On hearing of this disaster the vikings in Exeter surrendered the place on being granted a free departure.
The descendants of the vikings were easily incorporated in the English race, all the more so because of the wise policy of the conquering kings, who readily employed and often promoted to high station men of Danish descent who showed themselves loyaland this not only in the secular but in spiritual offices.
Two or three small descents o~ vikings are recorded, but the ravaging was purely local, and the invader soon departed.
But the vikings had apparently learnt by small experiments that England was no longer, ~
Canute had become an Englishman, had accepted all the old institutions of the nation, had dismissed his host of vikings, and had ruled like a native king and for the most part with native ministers.
There also came from the Western Islands'a fellowship of vikings seeking a free home in the north.
The complex work now known as Orkneyinga is made up of the Earls' Saga, lives of the first great earls, Turf-Einar, Thorfinn, &c.; the Life of St Magnus, founded partly on Abbot Robert's Latin life of him (c. 1150) an Orkney work, partly on Norse or Icelandic biographies; a Mirade-book of the same saint; the Lives of Earl Rognwald and Sveyn, the last of the vikings, and a few episodes such as the Burning of Bishop Adam.
Our hearts beat fast, and our hands trembled with excitement, not fear, for we had the hearts of vikings, and we knew that our skipper was master of the situation.
His grandson, Niall (791-845), drove back the Vikings who in his time began to infest the coast of Donegal.
In north German politics he interfered vigorously to protect his brotherin-law the Margrave Louis of Brandenburg against the lords of Mecklenburg and the dukes of Pomerania, with such success that the emperor, Charles IV., at the conference of Bautzen, was reconciled to the Brandenburger and allowed Valdemar an annual charge of 16,000 silver marks on the city of Lubeck (1349) Some years later Valdemar seriously thought of reviving the ancient claims of Denmark upon England, and entered into negotiations with the French king, John, who in his distress looked to this descendant of the ancient Vikings for help. A matrimonial alliance between the two crowns was even discussed, and Valdemar offered, for the huge sum of 600,000 gulden, to transport 12,000 men to England.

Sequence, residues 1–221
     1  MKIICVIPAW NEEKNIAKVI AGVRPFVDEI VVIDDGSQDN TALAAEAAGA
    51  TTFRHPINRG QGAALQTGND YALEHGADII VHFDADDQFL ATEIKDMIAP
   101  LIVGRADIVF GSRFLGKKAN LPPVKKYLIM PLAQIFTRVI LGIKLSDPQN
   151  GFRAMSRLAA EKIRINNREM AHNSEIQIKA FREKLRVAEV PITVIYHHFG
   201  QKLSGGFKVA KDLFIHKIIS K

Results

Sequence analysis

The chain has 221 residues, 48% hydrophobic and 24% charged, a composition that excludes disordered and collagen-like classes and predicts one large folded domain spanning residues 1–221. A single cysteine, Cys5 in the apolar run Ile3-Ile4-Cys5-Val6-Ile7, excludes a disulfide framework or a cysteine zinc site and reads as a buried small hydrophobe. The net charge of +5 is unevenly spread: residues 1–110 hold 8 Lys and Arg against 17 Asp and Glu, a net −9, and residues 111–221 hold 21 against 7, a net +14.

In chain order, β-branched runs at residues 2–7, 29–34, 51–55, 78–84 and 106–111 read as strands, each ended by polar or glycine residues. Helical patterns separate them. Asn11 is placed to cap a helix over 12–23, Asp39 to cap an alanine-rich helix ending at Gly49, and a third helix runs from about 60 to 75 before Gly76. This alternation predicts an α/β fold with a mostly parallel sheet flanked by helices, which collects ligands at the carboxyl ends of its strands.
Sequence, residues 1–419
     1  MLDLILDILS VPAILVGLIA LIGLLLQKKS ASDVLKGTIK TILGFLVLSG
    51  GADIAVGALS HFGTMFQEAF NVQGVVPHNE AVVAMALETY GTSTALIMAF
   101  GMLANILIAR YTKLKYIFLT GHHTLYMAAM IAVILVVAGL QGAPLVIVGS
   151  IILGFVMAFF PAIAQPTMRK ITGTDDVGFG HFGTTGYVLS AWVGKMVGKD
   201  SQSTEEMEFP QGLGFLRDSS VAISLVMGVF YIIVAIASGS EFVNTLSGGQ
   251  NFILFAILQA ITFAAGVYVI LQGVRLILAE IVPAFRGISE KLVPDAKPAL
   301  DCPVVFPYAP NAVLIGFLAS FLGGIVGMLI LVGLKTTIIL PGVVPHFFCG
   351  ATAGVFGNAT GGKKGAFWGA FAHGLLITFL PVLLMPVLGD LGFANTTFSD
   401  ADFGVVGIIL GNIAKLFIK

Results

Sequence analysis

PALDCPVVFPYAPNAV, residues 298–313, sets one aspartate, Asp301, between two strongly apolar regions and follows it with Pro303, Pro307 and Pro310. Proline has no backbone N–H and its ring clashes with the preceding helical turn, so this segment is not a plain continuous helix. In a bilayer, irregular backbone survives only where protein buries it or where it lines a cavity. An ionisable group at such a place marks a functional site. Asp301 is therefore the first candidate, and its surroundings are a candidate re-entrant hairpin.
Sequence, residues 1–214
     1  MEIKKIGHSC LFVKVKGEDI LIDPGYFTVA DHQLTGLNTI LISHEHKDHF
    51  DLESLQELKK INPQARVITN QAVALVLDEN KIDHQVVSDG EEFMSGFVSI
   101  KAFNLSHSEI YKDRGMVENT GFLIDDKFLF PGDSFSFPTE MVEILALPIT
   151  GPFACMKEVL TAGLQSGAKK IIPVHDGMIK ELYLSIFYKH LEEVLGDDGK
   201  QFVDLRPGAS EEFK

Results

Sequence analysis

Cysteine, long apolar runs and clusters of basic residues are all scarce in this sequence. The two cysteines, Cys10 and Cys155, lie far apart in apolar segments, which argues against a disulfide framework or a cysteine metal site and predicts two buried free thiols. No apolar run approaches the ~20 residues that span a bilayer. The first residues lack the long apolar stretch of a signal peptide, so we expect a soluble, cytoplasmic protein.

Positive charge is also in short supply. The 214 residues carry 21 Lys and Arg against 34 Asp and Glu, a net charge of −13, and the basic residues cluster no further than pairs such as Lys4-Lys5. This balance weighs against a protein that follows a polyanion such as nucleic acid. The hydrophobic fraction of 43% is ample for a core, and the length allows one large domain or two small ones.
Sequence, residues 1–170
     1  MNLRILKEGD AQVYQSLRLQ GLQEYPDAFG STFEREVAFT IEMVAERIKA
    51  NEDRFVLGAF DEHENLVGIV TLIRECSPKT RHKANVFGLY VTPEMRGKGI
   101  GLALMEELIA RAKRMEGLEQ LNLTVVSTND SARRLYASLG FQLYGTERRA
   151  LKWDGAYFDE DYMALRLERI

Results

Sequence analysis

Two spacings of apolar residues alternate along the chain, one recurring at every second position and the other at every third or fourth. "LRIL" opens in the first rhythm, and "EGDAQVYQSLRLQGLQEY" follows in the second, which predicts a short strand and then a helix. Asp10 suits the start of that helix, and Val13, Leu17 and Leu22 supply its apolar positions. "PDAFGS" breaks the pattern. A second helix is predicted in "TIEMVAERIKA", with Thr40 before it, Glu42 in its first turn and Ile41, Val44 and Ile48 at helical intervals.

East Anglia was conquered in 870; its last king, Edmund, having been defeated and taken prisoner, the vikings shot him to death with arrows because he would not worship their gods.
If there was so little cohesion among the various provinces it is small wonder that Ireland fell such an easy prey to the Vikings in the next century.
At the outset the invaders arrived in small bodies, but as these met with considerable resistance large fleets commanded by powerful Vikings followed.
However cruel and rapacious the Vikings may have been, the work of disorder and ruin was not all theirs.
In 851 the Dublin Vikings succeeded in vanquishing the Danes after a three days' battle at Snaim Aignech (Carlingford Lough), whereupon the defeated party under their leader Horm took service with Cerball, king of Ossory.
About the end of the 8th century both the Shetlands and Orkneys suffered from the depredations of Norse vikings, or pirates, until Harold Haarfager annexed the islands to Norway in 875.
The first appearance of the vikings in England we saw was in A.D.
In 896, toward the end of our age, it is incidentally mentioned in one place that five vessels carried 200 vikings, an average of 40 per ship. Elsewhere about the same time we read of 12,000 men carried in 250 ships, an average of 48.
Though their ancestors had been pirates as fierce as the vikings of the 9th century, and though some of their later kings had led naval armamentsEdwin had annexed for a moment Man and Anglesea, and Ecgfrith had cruelly ravaged part of Irelandyet by the year 800 they appear to have ceased to be a seafaring race.
But such raids proved so profitable that the vikings soon began to take greater things in hand; they began to ally themselves in confederacies: two, six or a dozen sea-kings would join their forces for something more than a desultory raid.
But in the earlier years of their struggles with Christendom the vikings seldom suffered a complete disaster; they were often beaten but seldom annihilated.
But the vikings were now showering such blows on the northern states that their unhappy monarchs could think of nothing but selfdefence.
It was not, however, till after Ã†thelwulfs death that the attack of the vikings developed its full strength.